Questions tagged [atmosphere]

The gaseous envelope surrounding the *Earth*, and retained by the Earth's gravitational field. If your question is about the atmosphere on another celestial body or is more astronomy related, please ask on Astronomy.SE.

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How does the partial pressure of oxygen relate to its concentration in water?

I've read that the partial pressure of oxygen in water will be the same as the partial pressure of oxygen in the atmosphere, but that the saturation of oxygen in water is dependent on factors like ...
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Which chemicals are most responsible for the blue sky?

Earth's atmosphere is especially good at refracting blue light, which makes the sky blue. Which gas or gasses is/are responsible for this? If some gasses in the atmosphere do not refract blue light, ...
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In geostrophic wind, what is the mechanism behind the tendency of the coriolis effect/force and the pressure gradient force to balance each other out?

I understand that it is possible for the coriolis effect and the pressure gradient force (PGF) to cancel each other out, but it appears to be a tendency (rather than just a possibility). What is the ...
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How much water is the atmosphere receiving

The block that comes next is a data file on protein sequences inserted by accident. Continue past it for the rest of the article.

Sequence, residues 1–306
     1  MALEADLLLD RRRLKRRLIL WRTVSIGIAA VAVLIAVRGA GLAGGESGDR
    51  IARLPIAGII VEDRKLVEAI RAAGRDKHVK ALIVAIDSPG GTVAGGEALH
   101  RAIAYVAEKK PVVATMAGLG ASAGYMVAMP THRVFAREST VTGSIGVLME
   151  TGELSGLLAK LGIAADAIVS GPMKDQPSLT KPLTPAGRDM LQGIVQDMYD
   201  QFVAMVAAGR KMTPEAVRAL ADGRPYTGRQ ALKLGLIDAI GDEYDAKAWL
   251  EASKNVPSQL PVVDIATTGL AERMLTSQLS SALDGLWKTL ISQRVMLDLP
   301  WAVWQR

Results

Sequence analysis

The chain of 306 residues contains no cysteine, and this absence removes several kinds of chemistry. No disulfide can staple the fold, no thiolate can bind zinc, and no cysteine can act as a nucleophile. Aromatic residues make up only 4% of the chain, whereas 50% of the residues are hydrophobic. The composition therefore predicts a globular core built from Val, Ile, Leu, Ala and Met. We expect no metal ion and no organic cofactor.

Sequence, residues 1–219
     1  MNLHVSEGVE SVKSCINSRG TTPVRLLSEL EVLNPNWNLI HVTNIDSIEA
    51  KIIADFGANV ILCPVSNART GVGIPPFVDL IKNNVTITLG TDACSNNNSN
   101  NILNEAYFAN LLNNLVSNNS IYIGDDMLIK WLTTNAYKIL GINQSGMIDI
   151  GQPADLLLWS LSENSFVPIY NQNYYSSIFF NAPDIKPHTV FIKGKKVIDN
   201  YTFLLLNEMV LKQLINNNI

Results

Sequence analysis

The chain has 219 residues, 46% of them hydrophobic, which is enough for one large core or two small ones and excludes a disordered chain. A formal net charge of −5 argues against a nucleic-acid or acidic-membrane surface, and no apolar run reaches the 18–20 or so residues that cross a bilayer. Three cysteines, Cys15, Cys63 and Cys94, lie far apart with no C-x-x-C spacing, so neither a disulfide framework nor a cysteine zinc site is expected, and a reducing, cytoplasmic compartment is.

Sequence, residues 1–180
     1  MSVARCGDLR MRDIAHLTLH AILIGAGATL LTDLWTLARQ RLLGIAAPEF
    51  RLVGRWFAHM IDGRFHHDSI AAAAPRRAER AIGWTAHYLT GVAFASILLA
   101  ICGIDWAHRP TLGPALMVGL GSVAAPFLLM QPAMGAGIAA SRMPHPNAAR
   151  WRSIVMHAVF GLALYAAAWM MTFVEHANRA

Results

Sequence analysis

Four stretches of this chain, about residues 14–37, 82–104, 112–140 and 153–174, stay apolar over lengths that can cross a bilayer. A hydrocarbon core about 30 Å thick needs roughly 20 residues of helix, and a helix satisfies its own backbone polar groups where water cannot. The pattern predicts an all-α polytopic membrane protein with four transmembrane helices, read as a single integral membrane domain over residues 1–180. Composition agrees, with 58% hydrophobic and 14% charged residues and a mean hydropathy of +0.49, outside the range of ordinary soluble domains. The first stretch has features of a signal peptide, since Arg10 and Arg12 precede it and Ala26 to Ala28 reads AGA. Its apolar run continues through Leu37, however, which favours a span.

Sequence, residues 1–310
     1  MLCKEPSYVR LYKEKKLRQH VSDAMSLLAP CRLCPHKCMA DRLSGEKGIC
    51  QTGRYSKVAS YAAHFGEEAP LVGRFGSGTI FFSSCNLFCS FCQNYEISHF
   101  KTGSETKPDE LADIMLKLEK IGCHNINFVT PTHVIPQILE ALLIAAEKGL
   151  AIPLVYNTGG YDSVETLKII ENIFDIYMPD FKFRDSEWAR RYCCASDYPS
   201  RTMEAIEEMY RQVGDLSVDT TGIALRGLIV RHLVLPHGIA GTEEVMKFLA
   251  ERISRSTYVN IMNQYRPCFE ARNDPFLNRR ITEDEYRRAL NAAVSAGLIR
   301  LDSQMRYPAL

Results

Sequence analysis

I was reading this Question earlier about how if water is getting lost into space and one of the answers said that (paraphrase) the Earth lost about enough water for the oceans to reduce by 12 cm, if ...
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Are there any types of winds or waves that are produced just by Earth's rotation?

Are there any types of wind or waves caused and produced only and exclusively by Earth's rotation? Not influenced by Earth rotation, but produced solely by it? In the case of waves, are Rossby waves 1 ...
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What does "red sun at night, sailor's delight" mean and is it true?

There is proverb that sounds like: Red sun at night, sailor’s delight; red sun in the morning, sailor take warning. Is it valid and if it is then what is it about?
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What is the current atmospheric concentration of $\small\sf{CO_2}$ in the atmosphere in atm (or bar)?

For some reason, I can only find the answer in ppm and I don’t know how to do this conversion.
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Does high atmospheric pressure in the atmosphere push warm air down?

The BBC ran an article Extreme weather: What is it and how is it connected to climate change that contained this graphic: Is this accurate? Does high pressure in the atmosphere push warm air down, ...
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Why is the Northern Hemisphere warming faster than the Southern Hemisphere?

Hi I just found the NOAA table. It clearly shows that the N. hemisphere has warmed much more than the southern hemisphere since 1880! https://www.ncei.noaa.gov/access/monitoring/monthly-report/global/...
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How to calculate greenhouse effect for planet as well as for the atmosphere?